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My grandmother, Etoile (Starr) Hazan Bitterman, was born and raised in Casablanca, Morocco, until she immigrated to the United States as a 16-year-old shortly after World War II. Like many families in our beautiful country, her story is one of tragedy and triumph; one of bravery, love and loss. Much could be said about her journey to America—how she left her family and didn’t see them again for over 60 years, or how she and her sister made a pact with each other (one they kept almost until their last breaths) that they wouldn’t tell anyone they were Jewish. It’s a mind-blowing, made-for-the-movies kind of story. However, one aspect of my grandma’s life left the biggest, deepest impact on me: her last seven years as a widow.

My Epiphany | On a sunny day about four years ago, I was out running errands. As my thoughts began to wander, my grandma came to mind and I thought about her life as a widow. It was a moment I’ll not soon forget. Until then, I hadn’t fully grasped the loneliness and heartbreak someone can experience when they lose their spouse. I knew it was hard for her, but never to the extent I felt that day. As I drove down the highway it was as if—for a moment—God gave me the heart and mind of a widow. I began to feel a heartache too deep for words. The harsh realities of my grandma losing the love of her life (she would often say through tears, “He was dee best man!”) began to set in.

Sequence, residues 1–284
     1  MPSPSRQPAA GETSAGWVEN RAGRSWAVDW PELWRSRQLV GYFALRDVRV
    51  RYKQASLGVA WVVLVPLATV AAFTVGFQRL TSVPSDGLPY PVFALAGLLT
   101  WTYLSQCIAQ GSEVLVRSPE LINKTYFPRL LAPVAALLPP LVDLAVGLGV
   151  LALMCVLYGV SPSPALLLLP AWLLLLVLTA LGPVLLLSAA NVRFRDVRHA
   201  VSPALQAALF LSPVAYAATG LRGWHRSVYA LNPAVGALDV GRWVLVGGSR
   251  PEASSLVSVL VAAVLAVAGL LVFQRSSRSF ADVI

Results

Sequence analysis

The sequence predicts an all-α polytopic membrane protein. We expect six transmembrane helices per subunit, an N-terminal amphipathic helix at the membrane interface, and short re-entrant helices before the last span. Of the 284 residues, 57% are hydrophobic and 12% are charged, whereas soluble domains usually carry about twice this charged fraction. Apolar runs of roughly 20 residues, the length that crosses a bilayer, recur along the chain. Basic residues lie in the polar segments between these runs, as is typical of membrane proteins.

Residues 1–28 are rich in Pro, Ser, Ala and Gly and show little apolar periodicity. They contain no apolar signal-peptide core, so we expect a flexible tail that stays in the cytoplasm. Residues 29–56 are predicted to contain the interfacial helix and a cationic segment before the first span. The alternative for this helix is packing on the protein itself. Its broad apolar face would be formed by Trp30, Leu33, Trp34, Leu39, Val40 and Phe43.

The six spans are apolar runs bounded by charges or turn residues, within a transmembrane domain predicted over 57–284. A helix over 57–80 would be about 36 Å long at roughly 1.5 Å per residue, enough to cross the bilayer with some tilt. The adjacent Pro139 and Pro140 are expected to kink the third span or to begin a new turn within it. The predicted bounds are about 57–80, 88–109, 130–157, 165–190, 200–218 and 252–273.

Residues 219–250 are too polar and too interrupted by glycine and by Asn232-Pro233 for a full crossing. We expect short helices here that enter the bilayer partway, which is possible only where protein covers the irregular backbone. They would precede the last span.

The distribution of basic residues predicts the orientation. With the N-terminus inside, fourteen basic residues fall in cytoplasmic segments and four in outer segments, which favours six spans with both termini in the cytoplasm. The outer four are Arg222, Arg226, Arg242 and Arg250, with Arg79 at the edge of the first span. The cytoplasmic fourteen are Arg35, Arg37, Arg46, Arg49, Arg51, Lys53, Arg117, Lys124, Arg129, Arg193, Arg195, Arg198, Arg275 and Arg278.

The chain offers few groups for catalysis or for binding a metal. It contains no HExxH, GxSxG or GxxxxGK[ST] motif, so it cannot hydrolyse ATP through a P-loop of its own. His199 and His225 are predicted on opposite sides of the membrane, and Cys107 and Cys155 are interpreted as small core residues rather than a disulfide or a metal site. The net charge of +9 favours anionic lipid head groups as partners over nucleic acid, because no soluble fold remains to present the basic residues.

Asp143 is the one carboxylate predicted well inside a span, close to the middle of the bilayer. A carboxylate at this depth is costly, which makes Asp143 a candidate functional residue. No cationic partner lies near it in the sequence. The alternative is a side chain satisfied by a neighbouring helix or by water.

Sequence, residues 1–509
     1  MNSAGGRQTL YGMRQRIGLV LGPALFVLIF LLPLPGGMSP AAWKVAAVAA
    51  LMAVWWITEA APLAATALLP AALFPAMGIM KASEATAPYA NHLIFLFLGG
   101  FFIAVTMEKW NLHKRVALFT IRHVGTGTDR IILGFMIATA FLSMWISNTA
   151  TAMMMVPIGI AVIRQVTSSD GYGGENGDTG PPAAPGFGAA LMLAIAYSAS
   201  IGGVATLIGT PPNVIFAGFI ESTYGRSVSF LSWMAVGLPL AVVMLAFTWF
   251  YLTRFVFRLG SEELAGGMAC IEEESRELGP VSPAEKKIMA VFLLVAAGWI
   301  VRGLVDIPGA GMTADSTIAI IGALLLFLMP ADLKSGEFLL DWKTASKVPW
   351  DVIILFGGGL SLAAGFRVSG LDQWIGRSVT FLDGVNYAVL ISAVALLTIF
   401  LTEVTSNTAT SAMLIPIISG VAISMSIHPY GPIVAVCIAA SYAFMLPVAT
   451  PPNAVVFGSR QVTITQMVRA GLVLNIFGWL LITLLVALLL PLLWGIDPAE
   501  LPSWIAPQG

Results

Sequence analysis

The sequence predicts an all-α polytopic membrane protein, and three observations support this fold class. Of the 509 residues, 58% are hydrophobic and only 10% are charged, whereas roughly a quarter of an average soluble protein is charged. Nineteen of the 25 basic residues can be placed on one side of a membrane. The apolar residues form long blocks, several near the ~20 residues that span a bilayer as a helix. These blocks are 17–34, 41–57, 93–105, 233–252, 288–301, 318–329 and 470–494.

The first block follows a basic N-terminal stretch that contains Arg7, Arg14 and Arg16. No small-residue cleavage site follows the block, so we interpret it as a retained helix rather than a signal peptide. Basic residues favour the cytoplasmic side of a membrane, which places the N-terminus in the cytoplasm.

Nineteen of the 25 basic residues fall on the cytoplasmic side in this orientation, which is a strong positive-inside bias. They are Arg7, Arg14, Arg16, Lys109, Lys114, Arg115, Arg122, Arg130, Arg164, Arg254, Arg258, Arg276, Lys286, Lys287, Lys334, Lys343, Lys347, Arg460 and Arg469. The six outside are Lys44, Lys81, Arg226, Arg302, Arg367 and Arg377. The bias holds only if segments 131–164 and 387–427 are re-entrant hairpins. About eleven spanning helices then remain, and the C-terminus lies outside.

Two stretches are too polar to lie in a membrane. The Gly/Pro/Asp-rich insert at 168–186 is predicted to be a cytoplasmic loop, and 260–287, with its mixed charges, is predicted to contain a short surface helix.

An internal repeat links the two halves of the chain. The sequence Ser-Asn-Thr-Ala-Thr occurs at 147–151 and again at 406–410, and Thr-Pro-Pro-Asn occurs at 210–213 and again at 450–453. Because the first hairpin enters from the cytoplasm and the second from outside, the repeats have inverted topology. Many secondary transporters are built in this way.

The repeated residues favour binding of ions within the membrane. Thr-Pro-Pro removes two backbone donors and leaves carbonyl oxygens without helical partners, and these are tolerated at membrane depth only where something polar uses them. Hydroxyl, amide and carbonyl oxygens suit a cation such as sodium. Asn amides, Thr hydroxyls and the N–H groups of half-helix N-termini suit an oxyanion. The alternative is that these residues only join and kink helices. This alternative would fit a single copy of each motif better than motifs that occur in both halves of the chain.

James 1:27 has always been a favorite verse of mine. It says, “Pure and undefiled religion in the sight of our God and Father is this: to visit orphans and widows in their distress, and to keep oneself unstained by the world.”

It’s simple. It’s to the point. It tells me what God cares about so I know what I need to care about. There are amazing local and national ministries caring for orphans, but when was the last time you were encouraged to go visit a widow? I can’t recount a vivid moment where the importance of that mission was made clear to me. Yet here it sits in James 1:27, as if it’s just as important as caring for orphans.

The combination of seeing my grandma struggle and the Truth carved out for us in this verse stirred me to help be a voice for widows—especially those who don’t have family or a church to help them.


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